A second important issue is the relative absence of minorities. Depending on the survey (e.g. Data Shows That Women Are Underrepresented in Blockchain and Crypto), only 7-15% of people in the blockchain industry are female, and fewer still are ethnic minorities. Clarifying the issue, we might ask what the barriers to entry are and what can be done about them. One obvious culprit is discrimination. This can exist in its blatant form, but we suspect that unconscious bias is the more common. This makes it all the more important to pay attention to these dynamics when considering new ventures or hires, especially because this is an area where people’s rights to equality are at stake. Another factor is the relative disadvantage of women and minorities in gaining the necessary tech skills. Here, many more initiatives like the MIT Media Lab’s bootcamps for women and minorities and scholarships to attend conferences will be necessary. This is an issue where utilitarian and deontological analysis agree: by respecting the equal rights of women and minorities, the available talent pool will massively expand.
Finally, a key issue is regulation in the blockchain sphere. Clarifying this issue, we can ask first whether it makes sense to have any regulation at all, and if so, how much and what kind.
Although this is a huge and thorny issue we can begin by observing that some countries and even cities are beginning to put in place rudimentary regulations anyway. China for example has shut down its domestic exchanges and banned ICOs. On the other hand, Japan and Switzerland have managed to attract blockchain businesses due to a favorable regulatory environment. New York issued its BitLicense, and Delaware and Estonia allow you to register blockchain companies there remotely.
Secondly, we consider that the emerging regulations ought to benefit everyone everywhere rather than reflecting the interests of certain groups. We know, for instance, that market cornering can be rampant, and that very large financial players can have a disproportionate impact. There will only be regulations that work for everyone if they are made open to the community to draft and comment on. Thus, there is an ethical argument that regulatory bodies should include and welcome the participation of the affected parts of the community when drafting regulations.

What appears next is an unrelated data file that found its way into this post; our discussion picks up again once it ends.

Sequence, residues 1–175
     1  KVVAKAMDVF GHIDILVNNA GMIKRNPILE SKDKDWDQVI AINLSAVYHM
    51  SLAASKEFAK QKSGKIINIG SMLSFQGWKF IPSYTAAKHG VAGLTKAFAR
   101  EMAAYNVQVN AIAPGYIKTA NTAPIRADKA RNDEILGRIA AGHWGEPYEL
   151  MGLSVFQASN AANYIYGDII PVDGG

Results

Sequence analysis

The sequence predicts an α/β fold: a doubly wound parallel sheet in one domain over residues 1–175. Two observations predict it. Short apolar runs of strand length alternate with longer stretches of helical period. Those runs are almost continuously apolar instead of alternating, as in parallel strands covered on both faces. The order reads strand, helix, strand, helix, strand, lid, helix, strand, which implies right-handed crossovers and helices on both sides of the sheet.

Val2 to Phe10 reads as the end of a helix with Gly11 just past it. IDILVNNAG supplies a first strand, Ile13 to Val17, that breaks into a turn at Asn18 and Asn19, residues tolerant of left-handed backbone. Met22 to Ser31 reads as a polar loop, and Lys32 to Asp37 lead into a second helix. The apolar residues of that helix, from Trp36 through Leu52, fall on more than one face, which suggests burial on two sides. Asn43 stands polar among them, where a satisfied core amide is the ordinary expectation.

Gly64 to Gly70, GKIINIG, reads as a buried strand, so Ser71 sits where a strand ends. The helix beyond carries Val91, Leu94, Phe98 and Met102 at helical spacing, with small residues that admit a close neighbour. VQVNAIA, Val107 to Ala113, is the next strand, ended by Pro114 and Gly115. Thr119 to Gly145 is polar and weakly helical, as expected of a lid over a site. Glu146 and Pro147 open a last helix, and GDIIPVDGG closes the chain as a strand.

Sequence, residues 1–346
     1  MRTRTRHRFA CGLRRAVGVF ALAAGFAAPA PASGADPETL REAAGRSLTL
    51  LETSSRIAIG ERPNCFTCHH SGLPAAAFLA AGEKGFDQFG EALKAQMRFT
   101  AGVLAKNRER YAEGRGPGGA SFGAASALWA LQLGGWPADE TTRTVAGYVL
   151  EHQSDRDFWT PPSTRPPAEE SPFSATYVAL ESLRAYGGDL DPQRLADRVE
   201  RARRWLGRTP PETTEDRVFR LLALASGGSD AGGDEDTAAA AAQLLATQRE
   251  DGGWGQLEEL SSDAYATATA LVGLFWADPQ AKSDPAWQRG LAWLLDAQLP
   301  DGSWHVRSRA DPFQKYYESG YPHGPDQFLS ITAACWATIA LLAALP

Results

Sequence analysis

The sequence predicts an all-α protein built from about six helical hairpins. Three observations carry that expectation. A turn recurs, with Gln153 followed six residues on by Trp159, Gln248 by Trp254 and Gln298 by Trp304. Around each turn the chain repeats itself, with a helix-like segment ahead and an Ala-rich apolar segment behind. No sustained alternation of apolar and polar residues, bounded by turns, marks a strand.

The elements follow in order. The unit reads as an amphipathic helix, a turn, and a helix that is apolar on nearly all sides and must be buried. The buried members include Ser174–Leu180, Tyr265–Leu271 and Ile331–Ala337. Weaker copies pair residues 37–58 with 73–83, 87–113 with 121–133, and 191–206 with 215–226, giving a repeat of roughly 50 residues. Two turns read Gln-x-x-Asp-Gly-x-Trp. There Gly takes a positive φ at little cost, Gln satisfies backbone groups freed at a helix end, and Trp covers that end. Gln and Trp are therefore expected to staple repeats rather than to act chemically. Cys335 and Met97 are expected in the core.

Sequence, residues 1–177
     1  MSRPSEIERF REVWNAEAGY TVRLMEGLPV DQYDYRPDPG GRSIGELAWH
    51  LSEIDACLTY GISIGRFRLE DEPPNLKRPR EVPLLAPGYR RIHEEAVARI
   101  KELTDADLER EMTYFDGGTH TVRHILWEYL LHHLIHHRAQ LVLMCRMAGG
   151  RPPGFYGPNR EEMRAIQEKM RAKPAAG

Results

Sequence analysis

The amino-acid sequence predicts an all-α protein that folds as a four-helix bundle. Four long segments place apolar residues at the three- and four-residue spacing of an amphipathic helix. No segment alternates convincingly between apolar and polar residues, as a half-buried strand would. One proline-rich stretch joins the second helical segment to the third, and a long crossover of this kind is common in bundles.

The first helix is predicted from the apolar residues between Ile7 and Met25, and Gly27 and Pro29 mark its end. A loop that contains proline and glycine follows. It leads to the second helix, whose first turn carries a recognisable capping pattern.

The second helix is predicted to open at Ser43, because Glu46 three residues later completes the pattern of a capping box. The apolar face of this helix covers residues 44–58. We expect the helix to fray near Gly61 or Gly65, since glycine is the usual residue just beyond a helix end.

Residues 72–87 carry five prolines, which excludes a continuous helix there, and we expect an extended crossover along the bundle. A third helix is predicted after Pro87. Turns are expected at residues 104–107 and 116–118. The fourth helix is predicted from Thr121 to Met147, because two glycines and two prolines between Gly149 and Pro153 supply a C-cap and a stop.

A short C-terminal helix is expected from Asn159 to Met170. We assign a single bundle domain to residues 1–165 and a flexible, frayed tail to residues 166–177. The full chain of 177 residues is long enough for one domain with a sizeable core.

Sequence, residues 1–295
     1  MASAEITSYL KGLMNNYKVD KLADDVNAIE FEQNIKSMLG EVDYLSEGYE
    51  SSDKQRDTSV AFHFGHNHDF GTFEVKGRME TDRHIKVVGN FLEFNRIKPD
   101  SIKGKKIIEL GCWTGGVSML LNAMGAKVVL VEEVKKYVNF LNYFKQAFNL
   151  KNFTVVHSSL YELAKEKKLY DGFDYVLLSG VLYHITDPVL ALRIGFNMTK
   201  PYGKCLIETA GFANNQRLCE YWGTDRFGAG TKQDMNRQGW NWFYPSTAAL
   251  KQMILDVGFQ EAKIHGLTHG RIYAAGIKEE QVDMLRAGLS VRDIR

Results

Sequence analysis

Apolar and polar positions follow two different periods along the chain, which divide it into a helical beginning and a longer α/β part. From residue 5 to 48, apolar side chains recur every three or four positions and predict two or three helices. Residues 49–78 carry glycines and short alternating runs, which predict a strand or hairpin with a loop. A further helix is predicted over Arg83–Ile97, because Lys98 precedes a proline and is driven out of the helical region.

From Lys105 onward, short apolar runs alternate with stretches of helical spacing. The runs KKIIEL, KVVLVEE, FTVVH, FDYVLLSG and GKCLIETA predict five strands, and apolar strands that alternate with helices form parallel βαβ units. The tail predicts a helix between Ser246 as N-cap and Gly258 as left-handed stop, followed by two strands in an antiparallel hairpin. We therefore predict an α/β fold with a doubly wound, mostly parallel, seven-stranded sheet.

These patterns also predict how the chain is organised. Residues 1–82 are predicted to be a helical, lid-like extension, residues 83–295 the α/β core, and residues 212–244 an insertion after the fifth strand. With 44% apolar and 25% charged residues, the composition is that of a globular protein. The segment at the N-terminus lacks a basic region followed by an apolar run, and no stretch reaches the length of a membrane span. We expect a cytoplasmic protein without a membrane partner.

However, since this is not always likely to happen, another route lies in self-regulation. Many areas of academic research, for example, and arguably the Internet itself, are regulated primarily by representatives of the relevant communities. These bodies have put in place codes of conduct and professional ethics which are not backed up by threats of force, but nevertheless are reasonably successful. Making a concentrated effort here could help reduce the perception of need for outside regulation.
Blockchain for ethics and human rights
So far we have focused on the application of ethics and human rights to blockchain. However, the relationship goes both ways, and the other side of the coin - the application of blockchain to ethical and human rights causes – is perhaps even more important.
In 2015, 193 of the world’s 195 countries adopted the UN’s Sustainable Development Goals.
These 17 goals reflect some of the most pressing humanitarian and ethical problems globally.
Strategies to achieve these goals involve the transfer and distribution of large amounts of value and information, the tracking and identification of vast numbers of people, data and goods, and the coordination of efforts and resources between the public, private and civil sectors, all of which requires trust, transparency and accountability. What’s more, these efforts are chronically understaffed and underfunded when compared to the magnitude of the problems they are designed to address.